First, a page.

The five people on board the missing tourist submersible that was on an expedition to the wreck of the Titanic have been sent a message of hope by a man who survived a similar ordeal 50 years ago.
As the search intensifies for the Titan craft that lost communications with its mothership on Sunday (June 18), deep beneath the Atlantic Ocean, with only enough oxygen left to keep them alive until Thursday, former Royal Navy engineer Roger Mallinson says there is a glimmer of hope for the quintet if his own miracle escape from the jaws of a watery death is anything to go by.
Mallinson said: “There’s always hope. It’s amazing what can happen.”
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“They need to keep warm so they don’t freeze and conserve the oxygen. After what we went through, there’s always hope.”
The 85-year-old and his work colleague at the time, Roger Chapman, were involved in the deepest underwater rescue in history and survived being trapped for 84 hours inside a six foot-diameter steel ball after it plunged 1,600 ft to the seabed.
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They had only 12 minutes of oxygen left when they were finally rescued and winched to the surface off the coast of Ireland after getting into difficulty when laying deep-sea telephone cables 150 miles off the coast on August 19, 1973.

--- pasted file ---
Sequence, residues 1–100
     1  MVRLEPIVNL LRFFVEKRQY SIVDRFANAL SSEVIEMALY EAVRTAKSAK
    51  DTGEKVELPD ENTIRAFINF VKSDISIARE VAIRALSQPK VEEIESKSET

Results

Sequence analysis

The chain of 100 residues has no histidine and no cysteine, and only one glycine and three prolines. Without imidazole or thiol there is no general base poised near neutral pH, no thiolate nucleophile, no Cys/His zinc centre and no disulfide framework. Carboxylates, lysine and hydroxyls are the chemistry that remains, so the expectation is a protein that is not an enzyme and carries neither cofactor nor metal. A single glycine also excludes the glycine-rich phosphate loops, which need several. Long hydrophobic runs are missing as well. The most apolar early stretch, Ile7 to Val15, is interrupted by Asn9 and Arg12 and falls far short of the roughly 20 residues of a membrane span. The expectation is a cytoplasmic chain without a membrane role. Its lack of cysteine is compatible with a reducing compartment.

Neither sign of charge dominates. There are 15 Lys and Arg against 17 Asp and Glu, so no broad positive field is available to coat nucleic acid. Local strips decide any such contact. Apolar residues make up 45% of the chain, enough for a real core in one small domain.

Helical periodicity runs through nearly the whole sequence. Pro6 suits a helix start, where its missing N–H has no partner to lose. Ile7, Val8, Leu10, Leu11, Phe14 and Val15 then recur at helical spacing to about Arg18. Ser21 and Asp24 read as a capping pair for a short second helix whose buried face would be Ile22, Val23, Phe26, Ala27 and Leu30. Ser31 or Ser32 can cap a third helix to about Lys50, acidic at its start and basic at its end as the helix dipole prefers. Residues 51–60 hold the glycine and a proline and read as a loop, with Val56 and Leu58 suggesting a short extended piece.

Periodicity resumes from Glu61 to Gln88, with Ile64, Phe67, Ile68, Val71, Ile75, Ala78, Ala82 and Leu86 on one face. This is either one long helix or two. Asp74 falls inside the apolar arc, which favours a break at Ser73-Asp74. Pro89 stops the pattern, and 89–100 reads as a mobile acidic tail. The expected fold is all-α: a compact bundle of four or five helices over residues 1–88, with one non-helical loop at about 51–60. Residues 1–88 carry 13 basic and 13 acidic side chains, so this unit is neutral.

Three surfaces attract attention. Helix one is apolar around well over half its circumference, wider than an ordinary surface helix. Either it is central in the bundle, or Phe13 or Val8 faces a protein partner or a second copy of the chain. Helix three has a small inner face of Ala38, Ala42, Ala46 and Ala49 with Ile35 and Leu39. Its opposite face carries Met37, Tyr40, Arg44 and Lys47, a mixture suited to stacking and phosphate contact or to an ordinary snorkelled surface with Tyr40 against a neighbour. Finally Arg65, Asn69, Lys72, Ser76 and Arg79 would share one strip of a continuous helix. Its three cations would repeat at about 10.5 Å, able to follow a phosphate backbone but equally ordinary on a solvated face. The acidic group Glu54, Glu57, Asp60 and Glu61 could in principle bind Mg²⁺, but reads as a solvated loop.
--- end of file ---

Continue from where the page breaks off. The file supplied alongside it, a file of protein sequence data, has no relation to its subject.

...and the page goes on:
The two men were using a submersible, Pisces III, to lay cables. Everything had gone smoothly until right at the end of their mission when the aft sphere of their vessel flooded, causing the vehicle to sink.
A submarine was flown in from Halifax, Nova Scotia, and another was shipped from the North Sea to help with their rescue, while a remote-controlled miniature sub was flown in by the US Air Force.
Four separate attempts were made to save the pair without any luck, before a repaired Pisces II, which had been damaged during the first rescue attempt, was successfully piloted down to the ocean floor.
Once there it helped lift Pisces III to the surface. The pair only had one cheese and chutney sandwich and a can of lemonade between them, but they did not want to eat or drink them.
Mallinson, from Troutbeck, Cumbria, told The Mirror: “We were OK when the hatch opened, it was a great relief. We felt lucky to be alive, it was amazing, it really was amazing.
“There was not much chance of a rescue. We didn’t think we were going to survive.
“It was fairly obvious we weren’t going to survive because our oxygen was running out and every time anyone came to help, it went wrong for some daft reason.”
Speaking before his death, Chapman said: “If you switch off, you use one quarter of the oxygen. You don’t talk or move.
“We hardly spoke, just grabbing each other’s hand and giving it a squeeze to show we were alright. It was very cold – we were wet through.
“When they opened the hatch and fresh air and sunlight rushed in it gave us blinding headaches, but we were sorted, we were euphoric.
“But we were also a bit pathetic. It was quite difficult to climb out of the sub, we’d been so cramped up, we could hardly move.”
Five decades on from his terrifying ordeal, Mallinson said he hoped the crew of the missing sub were still making every effort to contact rescue teams, but he warned: “The thing I worry about is why there have been no messages from the vessel. It makes me seriously worried that there’s no one alive.
“I imagine they will be hitting the hull of the vessel with a hammer so that if there is someone in the area they may hear it. It carries a hell of a long way, a lot of miles.”